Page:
Thursday, 28 June 2012

SCOTUS Upholds ACA Mandate

 From the SCOTUS Blog in Plain English: ( Opinion now available here )

Amy Howe:
"The Affordable Care Act, including its individual mandate that virtually all Americans buy health insurance, is constitutional. There were not five votes to uphold it on the ground that Congress could use its power to regulate commerce between the states to require everyone to buy health insurance. However, five Justices agreed that the penalty that someone must pay if he refuses to buy insurance is a kind of tax that Congress can impose using its taxing power. That is all that matters. Because the mandate survives, the Court did not need to decide what other parts of the statute were constitutional, except for a provision that required states to comply with new eligibility requirements for Medicaid or risk losing their funding. On that question, the Court held that the provision is constitutional as long as states would only lose new funds if they didn't comply with the new requirements, rather than all of their funding" 

Tuesday, 26 June 2012

Mandatory Sentences: Why SCOTUS Got It Right

OK, to kick off the blog (be gentle, please!), a post that doesn’t relate directly to the work of expert witnesses, but concerns a big change in the law that I for one think is long overdue.

Over the years there have been numerous cases of children committing heinous acts of violence against others. But most countries in the world (with the notable exception of Iran and the U.S.) have for some time recognized that the law cannot and should not treat child offenders the same way as adults.

It must always be the case that the rights of victims trump those of perpetrators – even if the criminals were just children at the time. But in a country where the appetite amongst many citizens seems to be more for retributive justice than any desire to reform those that harm others it was always a political hot potato to even hint at changing the status quo.

But now it’s different, at least in part. Following it’s ruling in Miller v Alabama and another linked case, the Supreme Court has said that the states can no longer impose life sentences without parole for offenders under the age of 18. As Alison Parker from Human Rights Watch stated, “The Court recognized that it is nearly impossible to be certain that any child is beyond redemption – and that the US criminal justice system needs to change to reflect this fact.”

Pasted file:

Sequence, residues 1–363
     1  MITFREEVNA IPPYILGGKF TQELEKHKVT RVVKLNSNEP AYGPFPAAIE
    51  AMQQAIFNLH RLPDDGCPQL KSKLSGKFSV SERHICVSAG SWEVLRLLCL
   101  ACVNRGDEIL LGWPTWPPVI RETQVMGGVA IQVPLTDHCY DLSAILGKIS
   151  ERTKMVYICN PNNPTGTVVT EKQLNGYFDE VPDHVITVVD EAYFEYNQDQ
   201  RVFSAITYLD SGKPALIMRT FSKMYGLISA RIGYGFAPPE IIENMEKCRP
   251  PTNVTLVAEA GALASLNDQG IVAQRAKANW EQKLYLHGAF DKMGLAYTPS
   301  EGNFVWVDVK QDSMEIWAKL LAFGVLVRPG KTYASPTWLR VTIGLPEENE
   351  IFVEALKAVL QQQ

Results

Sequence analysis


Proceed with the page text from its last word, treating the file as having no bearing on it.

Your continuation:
The courts may still impose a life without parole sentence in exceptional circumstances, allowing the sentencing judge to reflect public outrage at the most despicable acts.

In my view the decision is right and just. A shocking 2,500 people are serving life without parole in the U.S. for crimes they committed while a juvenile, and HRW estimate that 59 percent of them received this sentence for their very first offense, often when they were not even the primary perpetrator – a lookout at a botched robbery for example. In Michigan one in three juveniles serving life was a secondary participant.

Think back to your own childhood. Look how far you’ve come. If you’re anything like me you’re a different person in almost every way. You may have dome some things back then that you’re not too proud of. What were you thinking? 

Sheldry Topp
The case of Sheldry Topp provides a stark example of what can happen if this practice was allowed to stand. He stabbed and killed his victim during a break-in in 1962 when he was aged 17. He’s still in prison at 67. A horrible crime for sure, and he deserved punishment for it, but I just don’t see how paying millions of dollars to keep him inside for 50 years represents justice for him, his victim or society and is yet another appalling example of what can happen when the concept of retributive justice is taken too far. Before you say it, as you may have guessed I'm not an advocate of the death penalty either. Yes I know others, possibly in the majority, will disagree and they are entitled to that view, but I just can't see the sense in it.

As Alison Parker so eloquently put it: “The Court has recognized today what every parent knows – kids are different and are capable of tremendous growth and transformation. Now, it is up to judges and state legislators to ensure that every child offender has a meaningful chance to work toward rehabilitation, to periodically demonstrate their achievements, and, if merited, to earn their release from prison.”

I’m a firm believer in judges having control of sentencing and this decision goes a long way to handing back that discretion. Judges who hear all the evidence are those best placed to decide the sentence. Tie their hands and you end up with dreadful results like the recent case of Marissa Alexander. Hopefully, the decision in Miller v Alabama will bring recognition that laws requiring mandatory sentencing should be used sparingly by state legislatures in future.

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